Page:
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5 Science-Backed Ways Collagen Can Support Your Workout 

Kirsten Nunez, M.S.
Author: Expert reviewer:
Updated on January 28, 2020
Kirsten Nunez, M.S.
Contributing writer
By Kirsten Nunez, M.S.
Contributing writer
Kirsten Nunez is a health and lifestyle journalist based in Beacon, New York. She has a Master of Science in Nutrition from Texas Woman's University and Bachelor of Science in Dietetics from SUNY Oneonta.
Jessica Cording, M.S., R.D., CDN
Expert review by
Jessica Cording, M.S., R.D., CDN
Registered Dietitian
Jessica Cording, MS, RD, CDN, INHC is a registered dietitian, health coach, and author with a passion for helping people simplify their wellness routine and build sustainable healthy habits.
January 28, 2020

Though collagen is known for its skin care benefits, it looks promising for exercise too.* The protein gives structure to many connective tissues like the bones, tendons, and ligaments.* These body parts are precisely what helps you squat, stretch, and everything in between. So is increasing your collagen intake what your regimen needs? Here are five reasons it may be helpful:


It may support exercise recovery.*

Post-exercise recovery1 is a critical part of a successful workout routine. Not only does recovery let your tissues repair2 and grow, but it reduces the risk of injury too. And when it comes to optimal recovery, collagen may play a role.* 

"Collagen has the potential to support recovery because it exerts an anabolic effect on cartilage tissue, which promotes healthy muscle growth,"* notes Caleb Backe, a certified personal trainer. Specifically, collagen peptides send signals that trigger anabolism3 (growth and building) in various tissues—including the skeletal muscle—which could support repair and strength.* 


It might manage exercise-related pain.*

No pain, no gain, right? Well, sometimes. Overuse-related pain—which often affects active people—can seriously hinder your exercise goals. And though fitness progress isn't possible without some discomfort, it's still essential to listen to your body and take regular breaks. (But if your pain is severe or doesn't go away, visit the doctor. You might be dealing with a more serious injury.)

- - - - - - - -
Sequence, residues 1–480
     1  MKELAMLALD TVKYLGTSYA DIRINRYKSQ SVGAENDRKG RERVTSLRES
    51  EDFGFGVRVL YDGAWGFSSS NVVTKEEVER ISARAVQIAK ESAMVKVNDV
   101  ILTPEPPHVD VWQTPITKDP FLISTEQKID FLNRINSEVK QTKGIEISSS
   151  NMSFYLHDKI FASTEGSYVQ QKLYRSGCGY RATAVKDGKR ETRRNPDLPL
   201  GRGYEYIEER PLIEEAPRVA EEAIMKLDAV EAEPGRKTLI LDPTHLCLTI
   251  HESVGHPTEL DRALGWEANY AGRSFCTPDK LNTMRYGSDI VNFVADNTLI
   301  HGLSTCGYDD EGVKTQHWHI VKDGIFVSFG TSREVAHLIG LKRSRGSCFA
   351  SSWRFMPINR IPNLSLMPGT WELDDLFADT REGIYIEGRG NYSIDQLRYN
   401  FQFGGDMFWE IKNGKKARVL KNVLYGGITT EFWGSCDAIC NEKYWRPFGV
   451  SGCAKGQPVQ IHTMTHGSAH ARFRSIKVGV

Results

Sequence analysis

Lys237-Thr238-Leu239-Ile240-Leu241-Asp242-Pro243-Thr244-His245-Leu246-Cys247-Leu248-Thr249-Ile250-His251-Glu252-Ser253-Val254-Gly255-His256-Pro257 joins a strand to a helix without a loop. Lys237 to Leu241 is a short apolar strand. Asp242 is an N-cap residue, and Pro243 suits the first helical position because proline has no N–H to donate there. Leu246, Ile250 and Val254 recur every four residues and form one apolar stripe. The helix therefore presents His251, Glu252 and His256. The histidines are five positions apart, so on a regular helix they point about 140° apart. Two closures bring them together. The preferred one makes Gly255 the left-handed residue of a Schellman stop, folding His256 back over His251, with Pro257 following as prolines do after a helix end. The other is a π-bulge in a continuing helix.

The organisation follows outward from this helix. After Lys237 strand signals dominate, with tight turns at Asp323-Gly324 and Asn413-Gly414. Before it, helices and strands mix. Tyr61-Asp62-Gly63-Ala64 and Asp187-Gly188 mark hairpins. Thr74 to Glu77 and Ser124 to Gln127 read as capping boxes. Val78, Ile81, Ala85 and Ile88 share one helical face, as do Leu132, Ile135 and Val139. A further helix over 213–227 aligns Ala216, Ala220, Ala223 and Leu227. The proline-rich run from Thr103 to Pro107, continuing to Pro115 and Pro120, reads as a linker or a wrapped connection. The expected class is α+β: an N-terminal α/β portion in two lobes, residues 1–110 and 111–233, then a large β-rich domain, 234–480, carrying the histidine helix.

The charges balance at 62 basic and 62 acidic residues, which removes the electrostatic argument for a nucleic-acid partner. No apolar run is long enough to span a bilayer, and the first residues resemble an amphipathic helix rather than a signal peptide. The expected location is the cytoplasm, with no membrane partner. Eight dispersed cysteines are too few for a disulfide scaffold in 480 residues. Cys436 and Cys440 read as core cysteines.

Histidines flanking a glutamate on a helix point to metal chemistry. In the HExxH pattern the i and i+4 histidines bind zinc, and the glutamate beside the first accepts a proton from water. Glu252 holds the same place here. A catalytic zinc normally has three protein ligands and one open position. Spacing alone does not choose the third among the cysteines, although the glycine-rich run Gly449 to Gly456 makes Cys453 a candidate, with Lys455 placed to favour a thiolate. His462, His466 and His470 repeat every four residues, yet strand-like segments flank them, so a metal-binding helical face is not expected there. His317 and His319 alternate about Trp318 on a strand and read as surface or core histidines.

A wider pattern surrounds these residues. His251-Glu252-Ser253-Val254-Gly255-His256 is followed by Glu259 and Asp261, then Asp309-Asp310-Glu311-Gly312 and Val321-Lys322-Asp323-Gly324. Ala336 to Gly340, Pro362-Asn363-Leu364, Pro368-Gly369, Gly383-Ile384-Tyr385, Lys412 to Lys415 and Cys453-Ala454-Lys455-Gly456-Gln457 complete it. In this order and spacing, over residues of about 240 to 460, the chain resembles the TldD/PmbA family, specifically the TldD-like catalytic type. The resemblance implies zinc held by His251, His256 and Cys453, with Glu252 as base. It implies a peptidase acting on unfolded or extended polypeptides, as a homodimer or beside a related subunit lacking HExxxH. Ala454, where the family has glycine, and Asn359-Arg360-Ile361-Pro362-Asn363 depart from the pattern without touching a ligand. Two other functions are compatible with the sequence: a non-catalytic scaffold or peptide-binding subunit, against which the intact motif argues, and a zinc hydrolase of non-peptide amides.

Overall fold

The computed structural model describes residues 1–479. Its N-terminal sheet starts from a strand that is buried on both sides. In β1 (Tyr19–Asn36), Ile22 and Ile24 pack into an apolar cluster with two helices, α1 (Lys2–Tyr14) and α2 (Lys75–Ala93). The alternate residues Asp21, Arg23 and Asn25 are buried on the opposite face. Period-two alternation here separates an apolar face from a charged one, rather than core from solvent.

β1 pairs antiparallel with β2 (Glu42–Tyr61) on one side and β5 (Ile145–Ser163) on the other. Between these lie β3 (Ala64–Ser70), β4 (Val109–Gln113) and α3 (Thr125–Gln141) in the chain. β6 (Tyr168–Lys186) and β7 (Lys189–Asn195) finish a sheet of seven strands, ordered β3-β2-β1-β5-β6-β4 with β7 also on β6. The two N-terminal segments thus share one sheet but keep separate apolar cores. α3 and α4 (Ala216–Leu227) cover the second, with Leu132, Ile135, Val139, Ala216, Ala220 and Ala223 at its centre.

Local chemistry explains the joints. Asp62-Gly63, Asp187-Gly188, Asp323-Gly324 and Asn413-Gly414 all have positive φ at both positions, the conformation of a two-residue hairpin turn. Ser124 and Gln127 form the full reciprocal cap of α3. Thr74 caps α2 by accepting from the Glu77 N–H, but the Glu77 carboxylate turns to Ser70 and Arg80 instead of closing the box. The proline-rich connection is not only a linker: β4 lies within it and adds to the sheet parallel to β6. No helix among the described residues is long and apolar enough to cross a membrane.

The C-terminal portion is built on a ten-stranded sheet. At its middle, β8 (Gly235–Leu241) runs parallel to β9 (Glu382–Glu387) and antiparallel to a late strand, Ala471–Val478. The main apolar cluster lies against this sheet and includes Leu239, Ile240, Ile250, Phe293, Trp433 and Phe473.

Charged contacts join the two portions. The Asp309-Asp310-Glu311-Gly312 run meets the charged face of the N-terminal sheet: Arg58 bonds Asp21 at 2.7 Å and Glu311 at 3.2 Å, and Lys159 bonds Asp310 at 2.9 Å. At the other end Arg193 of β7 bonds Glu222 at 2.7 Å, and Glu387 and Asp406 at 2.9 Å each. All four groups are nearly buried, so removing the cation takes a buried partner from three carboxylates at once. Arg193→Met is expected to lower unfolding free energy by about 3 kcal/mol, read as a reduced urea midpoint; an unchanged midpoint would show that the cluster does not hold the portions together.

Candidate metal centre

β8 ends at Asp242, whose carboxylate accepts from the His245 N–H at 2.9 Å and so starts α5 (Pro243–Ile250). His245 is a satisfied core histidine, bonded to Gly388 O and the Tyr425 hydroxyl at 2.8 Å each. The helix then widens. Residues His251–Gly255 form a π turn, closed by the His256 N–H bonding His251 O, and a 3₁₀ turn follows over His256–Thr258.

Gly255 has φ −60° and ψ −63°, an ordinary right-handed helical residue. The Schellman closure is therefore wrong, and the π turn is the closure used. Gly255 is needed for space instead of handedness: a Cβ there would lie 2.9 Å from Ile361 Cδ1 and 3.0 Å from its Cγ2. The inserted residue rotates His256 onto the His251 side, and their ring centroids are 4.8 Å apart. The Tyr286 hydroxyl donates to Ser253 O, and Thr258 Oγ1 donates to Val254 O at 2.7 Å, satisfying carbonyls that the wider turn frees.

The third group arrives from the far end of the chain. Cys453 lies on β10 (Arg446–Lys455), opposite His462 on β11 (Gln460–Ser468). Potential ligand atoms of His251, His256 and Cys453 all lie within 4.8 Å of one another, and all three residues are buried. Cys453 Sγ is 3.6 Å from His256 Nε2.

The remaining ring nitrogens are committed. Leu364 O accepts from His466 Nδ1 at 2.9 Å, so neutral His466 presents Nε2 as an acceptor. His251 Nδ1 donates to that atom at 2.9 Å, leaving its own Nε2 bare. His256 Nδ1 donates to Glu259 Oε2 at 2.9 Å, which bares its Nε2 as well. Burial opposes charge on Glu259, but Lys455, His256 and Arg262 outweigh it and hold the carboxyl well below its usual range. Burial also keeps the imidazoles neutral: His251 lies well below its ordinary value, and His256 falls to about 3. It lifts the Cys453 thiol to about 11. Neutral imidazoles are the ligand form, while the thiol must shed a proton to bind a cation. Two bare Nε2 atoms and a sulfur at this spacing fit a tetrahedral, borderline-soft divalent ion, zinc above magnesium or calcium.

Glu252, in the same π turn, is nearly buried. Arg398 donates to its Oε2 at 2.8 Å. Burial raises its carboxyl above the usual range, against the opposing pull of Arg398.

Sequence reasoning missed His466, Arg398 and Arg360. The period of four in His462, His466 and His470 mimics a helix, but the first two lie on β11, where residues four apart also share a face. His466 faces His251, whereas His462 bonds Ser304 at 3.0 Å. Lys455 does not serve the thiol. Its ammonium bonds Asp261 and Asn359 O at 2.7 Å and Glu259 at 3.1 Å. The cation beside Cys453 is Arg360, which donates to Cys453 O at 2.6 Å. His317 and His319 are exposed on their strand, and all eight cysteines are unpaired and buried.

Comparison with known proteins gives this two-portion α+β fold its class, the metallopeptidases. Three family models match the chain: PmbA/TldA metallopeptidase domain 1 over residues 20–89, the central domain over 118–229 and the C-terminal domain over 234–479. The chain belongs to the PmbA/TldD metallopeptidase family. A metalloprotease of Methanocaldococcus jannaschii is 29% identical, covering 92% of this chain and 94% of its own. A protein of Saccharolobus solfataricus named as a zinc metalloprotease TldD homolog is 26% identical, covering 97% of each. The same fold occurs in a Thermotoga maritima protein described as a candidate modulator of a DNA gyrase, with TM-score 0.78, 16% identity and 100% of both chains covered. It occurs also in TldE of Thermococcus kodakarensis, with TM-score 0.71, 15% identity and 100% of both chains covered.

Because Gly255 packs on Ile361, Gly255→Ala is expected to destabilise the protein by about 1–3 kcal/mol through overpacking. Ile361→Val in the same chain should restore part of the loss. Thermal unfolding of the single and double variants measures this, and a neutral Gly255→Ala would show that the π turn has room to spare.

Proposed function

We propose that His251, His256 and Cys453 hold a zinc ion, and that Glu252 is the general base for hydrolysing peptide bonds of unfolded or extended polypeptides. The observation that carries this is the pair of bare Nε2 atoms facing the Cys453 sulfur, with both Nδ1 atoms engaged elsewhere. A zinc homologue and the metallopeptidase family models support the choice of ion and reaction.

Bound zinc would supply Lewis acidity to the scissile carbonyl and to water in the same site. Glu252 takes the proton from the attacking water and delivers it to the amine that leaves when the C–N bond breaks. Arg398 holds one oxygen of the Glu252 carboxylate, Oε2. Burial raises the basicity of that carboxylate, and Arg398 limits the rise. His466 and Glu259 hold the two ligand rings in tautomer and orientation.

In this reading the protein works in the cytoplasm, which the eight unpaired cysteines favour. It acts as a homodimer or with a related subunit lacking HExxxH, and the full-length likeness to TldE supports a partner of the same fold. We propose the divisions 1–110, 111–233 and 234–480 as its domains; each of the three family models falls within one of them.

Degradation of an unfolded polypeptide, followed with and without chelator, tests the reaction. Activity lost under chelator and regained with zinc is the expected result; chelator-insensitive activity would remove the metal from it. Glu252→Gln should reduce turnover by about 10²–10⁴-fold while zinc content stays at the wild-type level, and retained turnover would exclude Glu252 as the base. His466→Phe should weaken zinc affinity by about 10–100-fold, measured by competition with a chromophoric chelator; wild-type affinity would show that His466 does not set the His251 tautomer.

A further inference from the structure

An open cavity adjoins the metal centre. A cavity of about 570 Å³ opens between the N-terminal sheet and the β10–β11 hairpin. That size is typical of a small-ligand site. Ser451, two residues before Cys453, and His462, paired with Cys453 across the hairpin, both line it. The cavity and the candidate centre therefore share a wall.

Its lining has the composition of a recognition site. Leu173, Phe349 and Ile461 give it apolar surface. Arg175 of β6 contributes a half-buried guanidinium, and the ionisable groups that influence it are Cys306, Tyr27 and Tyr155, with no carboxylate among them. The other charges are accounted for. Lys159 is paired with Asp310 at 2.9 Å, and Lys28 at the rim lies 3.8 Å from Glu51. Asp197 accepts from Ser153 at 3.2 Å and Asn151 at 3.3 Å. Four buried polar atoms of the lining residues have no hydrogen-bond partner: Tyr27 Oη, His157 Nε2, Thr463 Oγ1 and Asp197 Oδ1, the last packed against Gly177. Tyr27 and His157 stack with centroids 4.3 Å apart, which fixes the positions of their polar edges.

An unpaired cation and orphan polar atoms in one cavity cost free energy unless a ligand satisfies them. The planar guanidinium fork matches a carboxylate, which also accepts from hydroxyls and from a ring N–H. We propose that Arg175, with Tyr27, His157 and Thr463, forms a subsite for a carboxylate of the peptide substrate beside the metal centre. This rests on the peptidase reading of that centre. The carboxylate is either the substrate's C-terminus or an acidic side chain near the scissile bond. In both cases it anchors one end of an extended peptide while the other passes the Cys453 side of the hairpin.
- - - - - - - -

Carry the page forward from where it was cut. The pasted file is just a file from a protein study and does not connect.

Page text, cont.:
In one 2008 study, collagen supplementation helped manage exercise-related joint pain4 in a group of physically active individuals.* A more recent study found that daily intake of collagen peptides moderately helped manage muscle soreness5 after jumping exercises, suggesting it might aid in overall athletic performance.* 

There's also evidence6 of collagen peptides playing a role in managing activity-related knee pain in young athletes.* Researchers speculate that collagen peptides support collagen synthesis in articular cartilage, which could help micro-injuries caused by physical activity.*


It could support bone health.*

Whether you're blasting through pushups or walking up the stairs, healthy bones allow you to move with ease. And as it turns out, collagen might contribute to overall bone health. In a human study, collagen peptides helped manage bone degradation7 in postmenopausal women with age-related bone loss.* A lab study also found that bovine collagen can support osteoblasts8, or bone-forming cell and overall bone health.*